March 14th (3/14) is also known as Pi Day, an annual celebration commemorating the mathematical constant π. Officially recognized by the US House of Representatives in 2009, Pi Day was first celebrated on a large scale in 1988 at the San Francisco Exploratorium. Pi is a symbol used to represent the ratio of the circumference of a circle to its diameter, which is approximately 3.14159. Pi Day is a great way to break out of the winter doldrums by having fun with math!

**Fun Fact**: Did you know that Pi Day is also Albert Einstein‘s birthday?

Math has escaped the classroom! Check out the Pi Sightings page to see Pi everywhere.

Check out all these Pi Day activities:

**Parents:** There are many math activities that can be done at home, but in talking with students and parents, the favorite way to celebrate Pi Day at home is by bringing some pi(e) to the dinner table. Chicken pot pie, shephards pie and of course, pizza pie are all great choices for a pi-themed meal. There are even more choices to finish off your meal with, as pie is definitely a family-favorite dessert. Check out this great list of ideas for other edible (and non-edible) ways to celebrate Pi.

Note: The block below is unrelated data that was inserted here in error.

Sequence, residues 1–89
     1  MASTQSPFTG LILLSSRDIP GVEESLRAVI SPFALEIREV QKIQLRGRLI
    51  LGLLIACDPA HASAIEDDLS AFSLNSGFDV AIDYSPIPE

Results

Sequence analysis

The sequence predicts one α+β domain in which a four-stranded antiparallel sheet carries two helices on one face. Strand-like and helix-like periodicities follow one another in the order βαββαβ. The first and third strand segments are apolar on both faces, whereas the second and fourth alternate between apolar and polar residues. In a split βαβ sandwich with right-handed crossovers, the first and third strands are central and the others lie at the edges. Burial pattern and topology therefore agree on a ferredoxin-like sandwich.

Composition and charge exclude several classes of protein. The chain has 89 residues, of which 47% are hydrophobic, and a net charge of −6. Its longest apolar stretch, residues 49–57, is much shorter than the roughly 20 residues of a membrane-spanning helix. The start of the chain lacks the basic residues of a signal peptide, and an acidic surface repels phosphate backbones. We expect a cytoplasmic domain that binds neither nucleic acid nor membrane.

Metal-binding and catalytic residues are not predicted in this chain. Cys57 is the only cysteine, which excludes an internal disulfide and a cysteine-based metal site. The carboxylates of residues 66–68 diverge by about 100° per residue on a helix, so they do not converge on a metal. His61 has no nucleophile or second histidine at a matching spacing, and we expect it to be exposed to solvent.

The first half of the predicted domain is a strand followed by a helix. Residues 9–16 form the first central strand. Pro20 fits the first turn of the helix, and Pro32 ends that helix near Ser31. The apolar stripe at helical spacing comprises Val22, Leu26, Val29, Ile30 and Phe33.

Other fun ways to celebrate at home include taking a family walk, jog or bike ride for 3.14 miles. NY Weather not cooperating? Hop in the car for a short 3.14 mile drive. Locally, The Rochester Museum and Science Center has special Pi Day activities from 3:14 – 6:28 pm on Friday. If you can’t make it on Friday, they will have the same activities on Saturday and Sunday from 12-4.

**Teachers:** Find grade-specific activities at Education World. Want to include some Pi Day fun into your ELA classes? Try writing a Pi-ku, a math version of the traditional 5-7-5 syllabic haiku. A Pi-ku of course, follows a 3-1-4 syllabic pattern.

For example:

Math is fun

When

Mixed with some pie

See this fun idea along with 4 others in the HOMEROOM (US Dept. of Ed blog).

A look ahead to next year: In the year 2015, Pi Day will have special significance on 3/14/15 at 9:26:53 a.m. and p.m., with the date and time representing the first 10 digits of pi.

Need more ideas? Visit the Pi Day website and Teach Pi website for many more ideas and resources.